GIULIANI: Didn't surprise me at all. And the reality is there are some very basic differences about — even just as basic as taxes. The tax program that I put out, which would be the largest tax reduction in American history, is something The New York Times thinks is a very big mistake. I believe it's absolutely critical to stimulate our economy.

HANNITY: It's also been clear that the firefighters unions, not the rank and file, have been basically — one or two of the leaders have been in the Hillary camp for a long time and they have been putting out periodic attacks on you.

Let me ask you this; some will question, I guess, the strategy based on the success of Florida. If you win Florida, you are going to be viewed as a genius. Others will question if you don't do as well in Florida. Why did you choose this strategy — which was a little bit different?

GIULIANI: It seemed like the strategy that would work for us. My candidacy is unconventional candidacy in many ways when you look at my positions and where you have strength and weakness. And the reality is Florida looked like the best place for us to be able to play out our campaign, the things that are important to us. The tax cut we announced here in Florida; people in Florida are very interested in lower taxes. They understand what it means to stimulate an economy.

The National Catastrophic Fund is something that I have come to really learn and understand and that plays out here in Florida, and people not being able to get insurance for their homes and not being able to afford it. They really do need that kind of help.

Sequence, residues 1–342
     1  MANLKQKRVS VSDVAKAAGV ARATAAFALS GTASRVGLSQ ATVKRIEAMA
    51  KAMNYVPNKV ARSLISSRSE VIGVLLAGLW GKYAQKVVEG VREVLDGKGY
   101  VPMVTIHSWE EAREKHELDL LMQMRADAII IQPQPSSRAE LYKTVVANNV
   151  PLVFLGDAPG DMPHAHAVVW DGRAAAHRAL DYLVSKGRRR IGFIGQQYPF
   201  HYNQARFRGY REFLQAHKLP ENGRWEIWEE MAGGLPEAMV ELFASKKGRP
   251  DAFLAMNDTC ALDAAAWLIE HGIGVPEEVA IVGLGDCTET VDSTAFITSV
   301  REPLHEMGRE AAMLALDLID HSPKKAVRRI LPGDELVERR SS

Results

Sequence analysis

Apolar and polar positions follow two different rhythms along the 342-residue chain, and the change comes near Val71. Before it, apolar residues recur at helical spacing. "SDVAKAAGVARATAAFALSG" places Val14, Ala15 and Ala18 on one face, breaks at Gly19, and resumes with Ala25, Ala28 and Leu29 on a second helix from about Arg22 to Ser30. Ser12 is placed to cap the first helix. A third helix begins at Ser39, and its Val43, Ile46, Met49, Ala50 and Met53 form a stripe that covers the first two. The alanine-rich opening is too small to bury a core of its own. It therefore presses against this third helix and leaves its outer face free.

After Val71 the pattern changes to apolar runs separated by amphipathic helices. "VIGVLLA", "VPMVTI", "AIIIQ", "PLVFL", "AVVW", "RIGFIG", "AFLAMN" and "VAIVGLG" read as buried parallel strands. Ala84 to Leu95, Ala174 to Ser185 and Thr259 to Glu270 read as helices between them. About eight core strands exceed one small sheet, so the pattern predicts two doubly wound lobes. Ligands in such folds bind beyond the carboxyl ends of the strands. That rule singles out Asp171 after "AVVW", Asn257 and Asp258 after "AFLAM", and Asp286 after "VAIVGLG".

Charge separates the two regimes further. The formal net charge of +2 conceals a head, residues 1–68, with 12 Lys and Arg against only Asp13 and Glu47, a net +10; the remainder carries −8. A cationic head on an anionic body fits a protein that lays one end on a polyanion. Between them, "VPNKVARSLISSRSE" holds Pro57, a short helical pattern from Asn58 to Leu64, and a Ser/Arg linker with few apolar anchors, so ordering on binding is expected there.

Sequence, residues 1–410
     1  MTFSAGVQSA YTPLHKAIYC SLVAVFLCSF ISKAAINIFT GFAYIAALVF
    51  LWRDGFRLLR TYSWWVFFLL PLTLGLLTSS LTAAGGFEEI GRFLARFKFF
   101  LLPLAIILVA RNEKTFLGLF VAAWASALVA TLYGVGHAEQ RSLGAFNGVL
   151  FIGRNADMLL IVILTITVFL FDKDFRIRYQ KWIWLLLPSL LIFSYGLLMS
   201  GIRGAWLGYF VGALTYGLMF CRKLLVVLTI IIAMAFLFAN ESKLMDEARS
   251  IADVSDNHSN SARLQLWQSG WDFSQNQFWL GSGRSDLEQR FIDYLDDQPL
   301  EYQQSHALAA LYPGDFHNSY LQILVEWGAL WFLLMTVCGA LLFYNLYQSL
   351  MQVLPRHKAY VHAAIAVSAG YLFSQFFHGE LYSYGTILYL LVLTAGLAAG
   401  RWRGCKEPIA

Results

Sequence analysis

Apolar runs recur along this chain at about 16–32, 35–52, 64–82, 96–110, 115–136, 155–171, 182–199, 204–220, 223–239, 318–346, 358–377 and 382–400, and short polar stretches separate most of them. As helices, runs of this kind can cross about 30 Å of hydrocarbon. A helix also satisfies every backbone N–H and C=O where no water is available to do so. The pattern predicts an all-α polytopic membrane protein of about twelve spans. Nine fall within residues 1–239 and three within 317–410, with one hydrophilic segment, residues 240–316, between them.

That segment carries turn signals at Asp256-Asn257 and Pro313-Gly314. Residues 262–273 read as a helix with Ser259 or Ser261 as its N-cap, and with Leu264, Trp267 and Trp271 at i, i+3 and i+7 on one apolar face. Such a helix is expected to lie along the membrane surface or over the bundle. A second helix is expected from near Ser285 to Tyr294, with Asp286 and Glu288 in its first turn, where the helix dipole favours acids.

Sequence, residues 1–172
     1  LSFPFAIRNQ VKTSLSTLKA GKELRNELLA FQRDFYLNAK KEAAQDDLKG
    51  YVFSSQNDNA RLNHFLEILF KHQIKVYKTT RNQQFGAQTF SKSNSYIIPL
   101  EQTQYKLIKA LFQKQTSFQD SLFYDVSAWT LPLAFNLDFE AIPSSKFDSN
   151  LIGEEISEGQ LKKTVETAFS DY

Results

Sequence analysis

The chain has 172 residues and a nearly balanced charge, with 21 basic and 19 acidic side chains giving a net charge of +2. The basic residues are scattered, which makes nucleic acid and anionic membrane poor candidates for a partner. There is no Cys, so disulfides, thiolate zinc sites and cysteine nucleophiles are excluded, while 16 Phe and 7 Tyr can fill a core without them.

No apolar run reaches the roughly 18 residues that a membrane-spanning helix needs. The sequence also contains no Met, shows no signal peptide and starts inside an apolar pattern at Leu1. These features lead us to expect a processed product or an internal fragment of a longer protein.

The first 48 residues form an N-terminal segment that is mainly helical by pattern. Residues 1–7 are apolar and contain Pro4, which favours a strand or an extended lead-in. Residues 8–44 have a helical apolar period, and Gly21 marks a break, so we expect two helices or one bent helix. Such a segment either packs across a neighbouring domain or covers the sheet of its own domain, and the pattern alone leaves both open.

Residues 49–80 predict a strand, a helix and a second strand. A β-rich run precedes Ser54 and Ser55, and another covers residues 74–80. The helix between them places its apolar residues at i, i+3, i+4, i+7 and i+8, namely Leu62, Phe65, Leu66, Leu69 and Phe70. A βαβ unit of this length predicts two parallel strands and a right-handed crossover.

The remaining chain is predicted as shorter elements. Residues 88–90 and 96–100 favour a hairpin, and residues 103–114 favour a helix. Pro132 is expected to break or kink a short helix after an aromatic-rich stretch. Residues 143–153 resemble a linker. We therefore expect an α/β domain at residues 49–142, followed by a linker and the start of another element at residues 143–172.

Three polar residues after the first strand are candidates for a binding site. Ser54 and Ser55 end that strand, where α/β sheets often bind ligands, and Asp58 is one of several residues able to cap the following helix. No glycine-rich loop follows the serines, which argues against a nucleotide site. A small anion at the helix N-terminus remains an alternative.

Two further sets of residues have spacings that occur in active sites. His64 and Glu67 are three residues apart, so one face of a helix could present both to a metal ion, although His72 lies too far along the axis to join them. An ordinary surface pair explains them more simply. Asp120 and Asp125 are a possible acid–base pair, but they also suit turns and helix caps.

So, the campaign here in Florida seemed to be the place that we could prove ourselves, might be the best way to describe it.

HANNITY: Regardless of the result on Tuesday, you are in through Super Tuesday?

GIULIANI: We are in to win this and we are going to win it. And I'm very, very confident of it. We are focusing right now on Florida. We have endless number of events left, and a lot of people undecided. This is going to go right down to the wire.

HANNITY: Your chief rival, I guess, in Florida right now — or one of the two, Senator McCain, has been battling it out with conservatives on a significant number of issues. Do you think he is conservative enough to get the base of the party to rally around him?

GIULIANI: I think I'm the best answer. I think — in the case of Senator McCain, Senator McCain points out that Mitt Romney has not had national security experience. In the case of Mitt Romney, he is pointing out that John McCain doesn't seem to have as much experience with the economy.

In both areas, I have a great deal of experience. I took an economy in New York that was in terrible shape, as you know, and turned it around. — That's the 17th largest economy in the world. So I have a lot of experience doing that. And I had to deal with safety and security of millions of people and have a great deal of experience than that. I just told this group of Republicans here in Sarasota that I'm really the candidate they are looking for. I combine both.

HANNITY: All right, early voting may play a big part in the vote the counting come Tuesday night. How important do you think that's going to be for you and would that benefit you?

GIULIANI: We think it will. We have been campaigning here all during that early voting period, trying to get people out to vote. We know there has been very heavy early voting. We think that will benefit us. And we think that was part of the reason we put so much focus on Florida.

HANNITY: Mr. Mayor, we will see you on Tuesday night. Good luck on Tuesday. Thank you, as always, for being with us. We appreciate it.

GIULIANI: Thank you, Sean. Thank you, Alan.